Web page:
Many ceiling fan designs offer reversible fan blades. The fan blades mount to a bracket piece connected to the rotor in the casing, usually by simple screws and nuts, making it easy to swap in replacement ceiling fan blades in case of damage or just a new look. Some designs use different colors or finishes from one side of the fan blade to the other, such as a dark color on one side and a light color on the other. It allows you to customize the look of the fan blades to suit the interior design of your home; for some manufacturer designs, simply buy replacement ceiling fan blades that fit the model in the colors you’re looking for.  

Fan blades will come in different shapes, depending on the style of the fan, but they are usually flat. The fan brackets they attach to will set them at a specific angle to help amplify air movement. It’s important not to damage the brackets or bend the angle during installation to make sure the fan blades stay balanced and will not create drag on the motor.

How to Change Ceiling Fan Direction 

For most ceiling fans, the easiest way to change the ceiling fan direction is to use the toggle switch on the casing below the fan blades.  

How to change ceiling fan direction

  1. Set the fan to the Off position. This can be done by pulling the chain, turning the fan off at the wall outlet, or using the smart hub device controls. 
  2. Make certain the blades have stopped completely.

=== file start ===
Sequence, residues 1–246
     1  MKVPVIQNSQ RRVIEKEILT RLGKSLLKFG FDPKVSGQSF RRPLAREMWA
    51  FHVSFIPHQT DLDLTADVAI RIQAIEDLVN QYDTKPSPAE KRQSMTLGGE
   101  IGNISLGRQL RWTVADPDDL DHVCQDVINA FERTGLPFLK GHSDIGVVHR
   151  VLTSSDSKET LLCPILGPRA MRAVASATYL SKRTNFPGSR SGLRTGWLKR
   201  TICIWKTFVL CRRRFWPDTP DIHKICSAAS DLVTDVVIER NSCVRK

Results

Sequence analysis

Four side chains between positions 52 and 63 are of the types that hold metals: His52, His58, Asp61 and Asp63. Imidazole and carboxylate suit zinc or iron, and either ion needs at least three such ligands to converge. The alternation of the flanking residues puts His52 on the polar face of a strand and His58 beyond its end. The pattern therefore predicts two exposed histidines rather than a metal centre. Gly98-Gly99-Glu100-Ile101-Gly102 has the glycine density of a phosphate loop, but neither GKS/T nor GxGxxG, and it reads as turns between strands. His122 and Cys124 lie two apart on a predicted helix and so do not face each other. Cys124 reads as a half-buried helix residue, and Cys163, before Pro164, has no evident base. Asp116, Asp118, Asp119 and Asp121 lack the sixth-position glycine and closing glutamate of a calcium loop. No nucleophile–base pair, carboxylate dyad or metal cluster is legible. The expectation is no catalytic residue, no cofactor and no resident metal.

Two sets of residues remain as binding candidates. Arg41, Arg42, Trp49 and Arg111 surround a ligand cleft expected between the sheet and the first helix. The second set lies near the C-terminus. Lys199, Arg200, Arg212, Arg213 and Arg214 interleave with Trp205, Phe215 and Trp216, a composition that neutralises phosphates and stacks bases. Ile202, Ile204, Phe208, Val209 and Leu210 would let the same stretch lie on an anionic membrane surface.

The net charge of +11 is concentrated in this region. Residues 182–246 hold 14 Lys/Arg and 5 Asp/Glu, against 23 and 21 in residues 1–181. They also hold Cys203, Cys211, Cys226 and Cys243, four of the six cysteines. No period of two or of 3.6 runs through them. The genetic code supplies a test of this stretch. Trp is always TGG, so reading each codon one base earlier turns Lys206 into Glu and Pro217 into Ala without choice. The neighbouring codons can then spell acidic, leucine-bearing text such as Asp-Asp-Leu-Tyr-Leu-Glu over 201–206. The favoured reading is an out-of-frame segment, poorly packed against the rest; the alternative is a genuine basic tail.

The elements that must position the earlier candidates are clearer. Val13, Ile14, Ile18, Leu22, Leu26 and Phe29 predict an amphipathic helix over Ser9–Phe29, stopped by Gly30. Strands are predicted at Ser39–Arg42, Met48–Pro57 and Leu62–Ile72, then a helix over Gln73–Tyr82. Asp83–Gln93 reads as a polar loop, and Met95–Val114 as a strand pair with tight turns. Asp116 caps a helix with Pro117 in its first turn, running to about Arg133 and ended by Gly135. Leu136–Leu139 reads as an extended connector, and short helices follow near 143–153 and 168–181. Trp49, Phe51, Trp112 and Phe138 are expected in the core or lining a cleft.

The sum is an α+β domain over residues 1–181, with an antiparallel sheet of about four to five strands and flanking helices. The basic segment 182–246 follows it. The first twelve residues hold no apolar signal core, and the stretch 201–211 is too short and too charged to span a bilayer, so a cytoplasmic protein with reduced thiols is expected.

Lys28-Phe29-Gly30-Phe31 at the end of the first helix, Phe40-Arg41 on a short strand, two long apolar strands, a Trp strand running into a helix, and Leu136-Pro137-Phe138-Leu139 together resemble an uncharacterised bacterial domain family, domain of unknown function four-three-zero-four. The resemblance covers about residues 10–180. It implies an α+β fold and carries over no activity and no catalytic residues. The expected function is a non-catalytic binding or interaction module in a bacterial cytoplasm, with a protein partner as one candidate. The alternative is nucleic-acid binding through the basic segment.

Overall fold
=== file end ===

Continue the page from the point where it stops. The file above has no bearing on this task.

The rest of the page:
3. Using a step stool or ladder, reach up to the switch cup below the fan blades and push the sliding toggle for the ceiling fan direction switch. This reverse switch has only two positions, on or off, but they are often not marked. 

And that’s all it takes to change the ceiling fan direction! With only three simple steps required to change the ceiling fan direction, it is easily done any time the temperature in the room needs a little seasonal adjustment.

A Note About Smart Fans

Newer fans may be equipped with smart technology such as energy-saving LED ceiling fans and remote options that control the ceiling fan direction switch as well as the speed and light quality. It just depends on the design. The standard settings will still be a low, medium, and high speed, regardless of the ceiling fan direction or the technology options, and you will still have the option of counterclockwise or clockwise blade spin.   

If there’s no reverse switch immediately obvious on your smart fan or remote-controlled fan, look on the remote itself. You will probably find a push-button reverse option on the remote. Some ceiling fans have the reverse option on the wall controls, along with the other setting choices.   

Wireless kits and smart switches are available that will allow you to install these options for some fan types, turning a standard ceiling fan into a smart hub compatible device. Make sure you find a kit that offers the exact smart technology advances you’re looking for with your ceiling fan upgrades, such as specific light controls, speed controls, and remote reverse direction switches.

Get the Most Out of Your Ceiling Fans All Year

Bright open living room in neutral tones. Dark wood three blade ceiling fan

Whether you have an older ceiling fan or a newer smart fan, it’s relatively easy to change the ceiling fan direction. It can be done seasonally, or it can be switched to meet the temperature or environment in the room at any time. Just remember, to help warm the room up, turn the ceiling fan direction clockwise, and set the ceiling fan direction to counterclockwise for cooling things down.